Here, in Colorado, we deal with a high incidence of allergies, sinusitis, rhinitis, asthma, and an overall irritation of our nasal and respiratory passages. Most people who live in this climate suffer from any number of the aforementioned issues and are familiar with saline rinses. These are generally done with a store-bought saline bottle with a nozzle that is inserted and sprayed into your nostril. This can actually cause more irritation to the membranes you are trying to soothe! The force of the spray is not only going against gravity, but is a force rather than a passive flow.If you are currently practicing that type of rinse, listen up! This is so much better for you: mind and body.
Jala neti (nasal cleanse) is an Ayurvedic practice that goes back thousands of years and has multiple benefits for the body and mind. It is performed with a neti pot and warm, saline water. The necessity of saline water can be explained by the notion of tonicity of solutions. If a solution is isotonic, which means contains the same electrolytes/salts, it will not draw out the vital liquids inside of your cells nor will it swell them. An isotonic saline solution for the neti pot is made by adding approximately 1/4 tsp sea salt/real salt (“real salt” is what the type of salt is called) to 8 oz of water, or the equivalent of the inside of the neti pot. To test, taste it; it should taste like tears.
- Me using the neti pot. We all look stupid doing it. No big deal.
After adding warm water (close to body temperature) with the salt, you simply put the spout inside one nostril and tilt your head away to initiate the passive flow through your sinus cavities–sounds insane if you have never done it. At first it definitely takes some getting used to. You sit over the sink for a few minutes allowing it to flow into one nostril and out of the other and it does kind of feel like you are under water the first few times. Sometimes, especially when you first begin, the water barely trickles out the other nostril. If this is the case, you can take a warm washcloth/compress and lay it over your cheeks and/or forehead to loosen up the mucus. It will get better with time.
Yet another way to break up that mucus is to do a steam with eucalyptus essential oil (for children, make sure it is Eucalyptus radiata). Simply boil water, add 3-5 drops of EO, set on a heat-safe surface, cover your head with a towel and breath in the steam until you feel a loosening.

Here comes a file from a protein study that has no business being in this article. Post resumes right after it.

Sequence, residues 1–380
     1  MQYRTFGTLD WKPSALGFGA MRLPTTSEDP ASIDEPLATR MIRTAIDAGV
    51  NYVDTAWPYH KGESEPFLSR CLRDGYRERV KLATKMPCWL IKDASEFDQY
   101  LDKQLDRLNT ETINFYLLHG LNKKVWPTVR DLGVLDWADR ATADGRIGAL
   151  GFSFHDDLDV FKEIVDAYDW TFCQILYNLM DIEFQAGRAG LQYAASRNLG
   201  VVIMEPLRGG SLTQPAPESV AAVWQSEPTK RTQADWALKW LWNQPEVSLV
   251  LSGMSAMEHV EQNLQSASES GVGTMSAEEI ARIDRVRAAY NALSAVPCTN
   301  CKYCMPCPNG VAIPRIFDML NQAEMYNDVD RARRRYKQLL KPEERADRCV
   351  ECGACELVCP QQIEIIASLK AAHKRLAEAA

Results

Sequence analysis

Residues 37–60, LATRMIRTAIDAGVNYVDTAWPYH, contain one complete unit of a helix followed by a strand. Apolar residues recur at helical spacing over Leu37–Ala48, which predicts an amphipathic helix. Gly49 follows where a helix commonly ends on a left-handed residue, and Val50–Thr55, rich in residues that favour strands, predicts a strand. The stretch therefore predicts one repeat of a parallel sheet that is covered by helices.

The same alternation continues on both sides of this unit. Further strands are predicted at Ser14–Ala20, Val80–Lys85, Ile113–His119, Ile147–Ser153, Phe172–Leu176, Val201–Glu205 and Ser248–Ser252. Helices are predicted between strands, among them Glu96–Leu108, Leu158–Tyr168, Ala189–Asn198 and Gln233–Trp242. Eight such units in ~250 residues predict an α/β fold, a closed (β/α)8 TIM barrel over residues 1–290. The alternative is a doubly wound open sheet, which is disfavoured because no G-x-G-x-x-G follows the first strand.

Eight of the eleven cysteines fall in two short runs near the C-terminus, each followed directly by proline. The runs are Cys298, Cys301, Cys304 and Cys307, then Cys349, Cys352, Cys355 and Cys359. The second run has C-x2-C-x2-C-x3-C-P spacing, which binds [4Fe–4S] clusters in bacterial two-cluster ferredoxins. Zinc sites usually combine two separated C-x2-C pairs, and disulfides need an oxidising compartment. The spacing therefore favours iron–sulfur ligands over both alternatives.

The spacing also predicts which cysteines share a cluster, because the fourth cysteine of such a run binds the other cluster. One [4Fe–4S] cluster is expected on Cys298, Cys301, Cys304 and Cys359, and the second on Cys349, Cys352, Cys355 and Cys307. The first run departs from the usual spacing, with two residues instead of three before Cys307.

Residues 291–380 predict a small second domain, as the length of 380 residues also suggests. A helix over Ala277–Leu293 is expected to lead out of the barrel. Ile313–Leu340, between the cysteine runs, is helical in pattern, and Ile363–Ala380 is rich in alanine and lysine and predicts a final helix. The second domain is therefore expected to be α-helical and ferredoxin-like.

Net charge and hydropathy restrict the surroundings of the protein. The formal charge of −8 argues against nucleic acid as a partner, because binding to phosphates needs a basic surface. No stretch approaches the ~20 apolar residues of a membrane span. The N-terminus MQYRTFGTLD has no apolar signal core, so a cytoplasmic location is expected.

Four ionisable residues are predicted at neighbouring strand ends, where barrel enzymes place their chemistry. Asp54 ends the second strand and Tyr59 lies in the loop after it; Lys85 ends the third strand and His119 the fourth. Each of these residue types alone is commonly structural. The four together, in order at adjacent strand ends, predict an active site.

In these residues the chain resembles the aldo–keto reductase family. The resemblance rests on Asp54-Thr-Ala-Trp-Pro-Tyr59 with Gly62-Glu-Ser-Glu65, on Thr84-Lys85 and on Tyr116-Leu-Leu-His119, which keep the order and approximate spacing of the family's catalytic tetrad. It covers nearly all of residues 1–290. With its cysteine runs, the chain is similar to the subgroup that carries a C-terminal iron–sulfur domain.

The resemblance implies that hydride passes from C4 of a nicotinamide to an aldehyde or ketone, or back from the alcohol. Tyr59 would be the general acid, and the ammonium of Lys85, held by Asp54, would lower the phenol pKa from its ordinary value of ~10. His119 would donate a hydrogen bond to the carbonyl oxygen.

I have always had sinusitis and would generally get sinus infections every 1-2 months. I took multiple antibiotics, which we all know can lead to additional problems and I would still get another one the next month. When I began the practice of jala neti, I felt immediate results with my inflammation. I haven’t had a sinus infection in 2 years. If you can get over the strangeness of this practice it is well worth the two minutes it takes. The symptoms are gone, the root issue is dealt with.
In addition to the benefits of the physical sinuses, the practice of jala neti is said to increase prana to the brain. Prana, like qi/chi is the vital force which animates our bodies (not to be confused with soul). We are all made up of energy. The Ayurvedic notion that jala neti increases prana to the 3rd eye, which exists physically as the third ventricle in the brain–housing the pituitary gland–is yet another reason to do this practice. The subtle effects can be felt weeks and possibly days after beginning this practice.
Jala neti cleanses out bacteria, stimulates healthy mucus membranes, increases sensitivity of olfactory nerves (increasing sense of taste and smell), increases energy, decreases the need for mouth-breathing and opens the ajna chakra (3rd eye) thus assisting you in your meditation and yoga practices .
This is one practice that I believe everyone should be doing every morning! Once you begin and get acquainted with jala neti, you will definitely feel the positive results I have described above. So, even if Ayurveda does not interest you , and the “3rd eye” doesn’t ring a bell, I hope that “sinus relief” will be the impetus you need to try this nasal rinse.
A few additional things:
- When you start out using the neti pot, you can either use one entire pot per nostril, or 1/2. I have found that, in the beginning, it is better if you use 1 per side.
- Most are dishwasher safe, but can be sterilized in hot water with a mild soap after each use (thoroughly dry).
- If you have severe allergies, you might like to start out doing one in the am and one in the pm until symptoms subside. Then begin doing it daily in the am.
- Also, as with everything else, do not take this practice to the extreme. Do it with the saline solution only: not with an herbal mixture, not with a zinc concentration. The saline solution and your mucus membranes will do everything you need it to do.
- If the saline solution burns or feels like pool water inside of your nose, add a little more salt. If the tonicity is off, you feel this burning sensation (it should taste like a tear).
- It is safe for children and a great idea for those little ones with constant respiratory issues! Both of my daughters use the neti pot on occasion and do a great job (my 5 year old only lets the water pass through for a couple seconds at a time, but gets it through nonetheless).
- Afterwards, do a few standing forward bends (Uttanasana ) to allow any left over liquid to be released.
- Do not use iodized salt.
Any information contained in this website is not intended as medical advice nor to diagnose and/or treat any illness. If you have any concerns about this information, please contact your provider and/or certified Herbalist.
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